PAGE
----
Housing affordability worsens over last five years

Housing affordability worsens over last five years

The latest research has revealed that housing affordability has significantly worsened over the last five years.

According to the Office For National Statistics data on Housing Affordability in England and Wales report, 69 local authorities across England and Wales have seen housing affordability worsen during the last half a decade, with over 75% of these being in the South East, the East and London.

Affordability of housing is calculated by dividing the prices of homes by yearly earnings. It’s important to note that the statistics do not account for all income, they are instead based on full-time employee gross earnings, meaning that data on part-time workers and income received through other means is not included.

Whilst the house price data used can be revised each quarter, the annual affordability ratio statistics are not revised to reflect this every three months.

The data revealed that in 2017, full-time workers, on average, could expect to pay approximately 7.8 times their yearly workplace-based earnings when purchasing a home in England and Wales. Since 2016, this represents a substantial increase of 2.4%.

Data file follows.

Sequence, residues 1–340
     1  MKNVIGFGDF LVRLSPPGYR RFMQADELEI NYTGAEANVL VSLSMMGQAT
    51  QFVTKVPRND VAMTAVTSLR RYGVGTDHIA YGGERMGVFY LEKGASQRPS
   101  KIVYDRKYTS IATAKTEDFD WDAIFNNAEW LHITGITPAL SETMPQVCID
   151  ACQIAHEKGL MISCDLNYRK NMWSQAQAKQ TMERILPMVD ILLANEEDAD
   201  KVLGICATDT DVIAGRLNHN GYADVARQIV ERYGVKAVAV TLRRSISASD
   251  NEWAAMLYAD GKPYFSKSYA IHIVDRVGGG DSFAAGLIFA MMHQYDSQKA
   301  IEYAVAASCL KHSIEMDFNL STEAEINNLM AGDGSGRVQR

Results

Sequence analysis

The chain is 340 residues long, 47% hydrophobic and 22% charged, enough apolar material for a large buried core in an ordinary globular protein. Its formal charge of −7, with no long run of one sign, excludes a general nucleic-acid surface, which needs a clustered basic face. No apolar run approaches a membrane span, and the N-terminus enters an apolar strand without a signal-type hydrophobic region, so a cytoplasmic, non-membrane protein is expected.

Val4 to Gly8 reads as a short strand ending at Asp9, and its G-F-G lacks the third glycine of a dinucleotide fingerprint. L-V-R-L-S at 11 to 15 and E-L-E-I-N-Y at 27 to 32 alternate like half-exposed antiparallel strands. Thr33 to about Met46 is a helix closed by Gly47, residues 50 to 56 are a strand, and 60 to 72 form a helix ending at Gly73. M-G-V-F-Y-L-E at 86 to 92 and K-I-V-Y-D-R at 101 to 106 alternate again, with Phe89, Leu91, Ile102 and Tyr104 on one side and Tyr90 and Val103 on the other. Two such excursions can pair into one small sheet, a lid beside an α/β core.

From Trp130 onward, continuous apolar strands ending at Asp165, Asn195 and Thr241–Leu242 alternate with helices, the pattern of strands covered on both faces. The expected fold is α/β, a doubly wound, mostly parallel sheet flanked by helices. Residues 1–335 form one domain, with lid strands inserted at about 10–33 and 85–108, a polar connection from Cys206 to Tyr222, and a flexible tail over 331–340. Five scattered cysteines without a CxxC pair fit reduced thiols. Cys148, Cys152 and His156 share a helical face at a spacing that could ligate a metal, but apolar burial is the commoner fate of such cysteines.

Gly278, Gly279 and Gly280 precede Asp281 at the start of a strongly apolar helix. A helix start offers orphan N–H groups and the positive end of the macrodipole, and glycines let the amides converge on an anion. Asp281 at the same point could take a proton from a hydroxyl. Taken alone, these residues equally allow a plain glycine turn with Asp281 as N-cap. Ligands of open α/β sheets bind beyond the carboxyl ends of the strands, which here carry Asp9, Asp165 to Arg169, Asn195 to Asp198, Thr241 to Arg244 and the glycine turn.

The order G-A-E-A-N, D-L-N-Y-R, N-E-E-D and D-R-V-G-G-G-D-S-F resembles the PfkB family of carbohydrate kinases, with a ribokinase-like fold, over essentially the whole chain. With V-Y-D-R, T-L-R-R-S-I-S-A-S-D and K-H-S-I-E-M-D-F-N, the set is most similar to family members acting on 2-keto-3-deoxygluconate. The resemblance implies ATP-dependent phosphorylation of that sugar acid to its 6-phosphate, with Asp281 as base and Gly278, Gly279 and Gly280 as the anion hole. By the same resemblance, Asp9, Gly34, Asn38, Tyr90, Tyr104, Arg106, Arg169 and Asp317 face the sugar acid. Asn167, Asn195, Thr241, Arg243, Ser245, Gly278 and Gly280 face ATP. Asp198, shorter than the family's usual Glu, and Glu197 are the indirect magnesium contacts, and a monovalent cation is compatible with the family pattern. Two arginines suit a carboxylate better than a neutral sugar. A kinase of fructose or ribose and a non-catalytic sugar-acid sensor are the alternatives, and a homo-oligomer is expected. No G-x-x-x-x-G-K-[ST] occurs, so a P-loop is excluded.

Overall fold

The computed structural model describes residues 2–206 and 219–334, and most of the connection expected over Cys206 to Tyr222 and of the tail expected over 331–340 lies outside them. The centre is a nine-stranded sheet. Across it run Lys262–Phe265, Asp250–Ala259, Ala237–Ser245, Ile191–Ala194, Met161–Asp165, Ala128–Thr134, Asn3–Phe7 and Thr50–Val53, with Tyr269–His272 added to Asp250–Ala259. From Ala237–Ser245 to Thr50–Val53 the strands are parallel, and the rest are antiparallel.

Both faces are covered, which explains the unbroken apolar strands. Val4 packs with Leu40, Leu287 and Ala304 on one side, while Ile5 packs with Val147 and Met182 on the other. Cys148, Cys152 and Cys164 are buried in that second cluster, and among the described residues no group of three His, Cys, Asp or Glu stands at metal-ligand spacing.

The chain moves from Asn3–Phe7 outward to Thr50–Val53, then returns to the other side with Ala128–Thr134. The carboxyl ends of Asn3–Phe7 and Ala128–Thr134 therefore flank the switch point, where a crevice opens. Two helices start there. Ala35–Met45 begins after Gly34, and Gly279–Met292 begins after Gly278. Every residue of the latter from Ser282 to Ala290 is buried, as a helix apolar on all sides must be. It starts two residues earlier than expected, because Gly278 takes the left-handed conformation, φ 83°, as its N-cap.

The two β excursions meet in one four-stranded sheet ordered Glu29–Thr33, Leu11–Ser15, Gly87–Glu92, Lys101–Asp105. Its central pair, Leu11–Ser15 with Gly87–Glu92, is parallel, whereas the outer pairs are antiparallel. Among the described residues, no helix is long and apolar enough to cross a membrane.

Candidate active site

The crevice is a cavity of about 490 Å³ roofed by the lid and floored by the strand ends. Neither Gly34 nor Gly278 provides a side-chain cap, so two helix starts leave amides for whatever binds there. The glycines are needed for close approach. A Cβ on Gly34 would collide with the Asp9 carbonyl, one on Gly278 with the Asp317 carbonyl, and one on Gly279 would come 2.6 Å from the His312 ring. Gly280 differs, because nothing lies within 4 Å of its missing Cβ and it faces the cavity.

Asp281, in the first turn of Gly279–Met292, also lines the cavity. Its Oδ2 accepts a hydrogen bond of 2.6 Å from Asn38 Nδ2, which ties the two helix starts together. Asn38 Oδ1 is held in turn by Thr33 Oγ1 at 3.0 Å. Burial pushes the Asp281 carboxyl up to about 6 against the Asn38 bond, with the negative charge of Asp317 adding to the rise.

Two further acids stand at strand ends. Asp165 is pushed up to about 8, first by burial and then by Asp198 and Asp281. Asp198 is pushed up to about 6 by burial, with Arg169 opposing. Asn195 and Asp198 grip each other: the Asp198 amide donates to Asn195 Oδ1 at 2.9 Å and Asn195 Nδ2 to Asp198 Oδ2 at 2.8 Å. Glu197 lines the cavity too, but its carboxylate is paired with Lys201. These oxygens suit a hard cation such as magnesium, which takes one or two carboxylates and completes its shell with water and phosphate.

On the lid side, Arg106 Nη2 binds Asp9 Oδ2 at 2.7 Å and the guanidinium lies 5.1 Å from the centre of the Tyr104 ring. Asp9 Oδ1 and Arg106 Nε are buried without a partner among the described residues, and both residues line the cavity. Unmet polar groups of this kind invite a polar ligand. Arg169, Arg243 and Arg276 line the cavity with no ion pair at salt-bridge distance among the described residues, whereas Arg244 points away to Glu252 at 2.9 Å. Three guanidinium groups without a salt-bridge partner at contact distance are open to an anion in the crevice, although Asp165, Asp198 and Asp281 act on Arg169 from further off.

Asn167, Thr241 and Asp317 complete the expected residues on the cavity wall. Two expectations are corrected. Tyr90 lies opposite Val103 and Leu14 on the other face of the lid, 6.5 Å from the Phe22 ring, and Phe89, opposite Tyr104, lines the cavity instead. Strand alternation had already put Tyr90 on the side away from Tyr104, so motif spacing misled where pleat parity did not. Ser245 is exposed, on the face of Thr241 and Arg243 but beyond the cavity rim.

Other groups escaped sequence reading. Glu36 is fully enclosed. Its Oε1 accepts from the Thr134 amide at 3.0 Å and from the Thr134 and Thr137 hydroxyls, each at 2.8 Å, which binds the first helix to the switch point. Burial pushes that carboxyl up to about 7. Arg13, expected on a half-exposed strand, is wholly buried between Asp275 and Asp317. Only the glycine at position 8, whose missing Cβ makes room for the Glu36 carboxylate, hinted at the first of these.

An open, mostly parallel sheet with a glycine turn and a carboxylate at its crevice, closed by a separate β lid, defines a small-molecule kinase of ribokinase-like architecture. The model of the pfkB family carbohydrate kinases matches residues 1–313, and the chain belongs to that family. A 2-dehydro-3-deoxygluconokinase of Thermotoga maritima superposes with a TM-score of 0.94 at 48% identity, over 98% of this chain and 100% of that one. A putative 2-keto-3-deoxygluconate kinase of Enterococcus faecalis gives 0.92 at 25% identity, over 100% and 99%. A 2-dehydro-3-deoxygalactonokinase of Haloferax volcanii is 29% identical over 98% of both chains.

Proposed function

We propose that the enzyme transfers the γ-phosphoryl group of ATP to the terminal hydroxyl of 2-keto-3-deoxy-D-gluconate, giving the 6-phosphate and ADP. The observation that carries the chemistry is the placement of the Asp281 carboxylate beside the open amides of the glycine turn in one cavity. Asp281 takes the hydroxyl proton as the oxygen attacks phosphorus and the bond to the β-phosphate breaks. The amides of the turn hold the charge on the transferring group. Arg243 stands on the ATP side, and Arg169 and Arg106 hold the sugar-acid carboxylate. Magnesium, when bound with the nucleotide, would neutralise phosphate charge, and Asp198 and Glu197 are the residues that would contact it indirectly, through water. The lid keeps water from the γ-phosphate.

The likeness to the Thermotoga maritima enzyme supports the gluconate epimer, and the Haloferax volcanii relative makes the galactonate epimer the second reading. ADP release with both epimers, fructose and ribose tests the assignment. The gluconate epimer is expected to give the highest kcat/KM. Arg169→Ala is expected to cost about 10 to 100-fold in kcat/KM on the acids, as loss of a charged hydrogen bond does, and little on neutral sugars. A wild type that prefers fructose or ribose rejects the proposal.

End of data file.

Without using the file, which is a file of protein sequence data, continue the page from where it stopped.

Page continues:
Statistics also revealed that those working full time in England and Wales would typically spend 7.6 times their yearly earnings on an existing property, rising to 9.7 times this when purchasing a new build.

The most affordable local authority was in the North West, with median house prices in Copeland being just 2.7 times median workplace based earnings here.

In contrast, the least affordable local authority was Kensington & Chelsea, with median house prices here being 40.7 times median workplace-based earnings.

Georgia Owen

Georgia is the Content Executive and will be your primary contact when submitting your latest news. While studying for an LLB at the University of Liverpool, Georgia gained experience working within retail, as well as social media management. She later went on to work for a local newspaper, before starting at Today’s Conveyancer.

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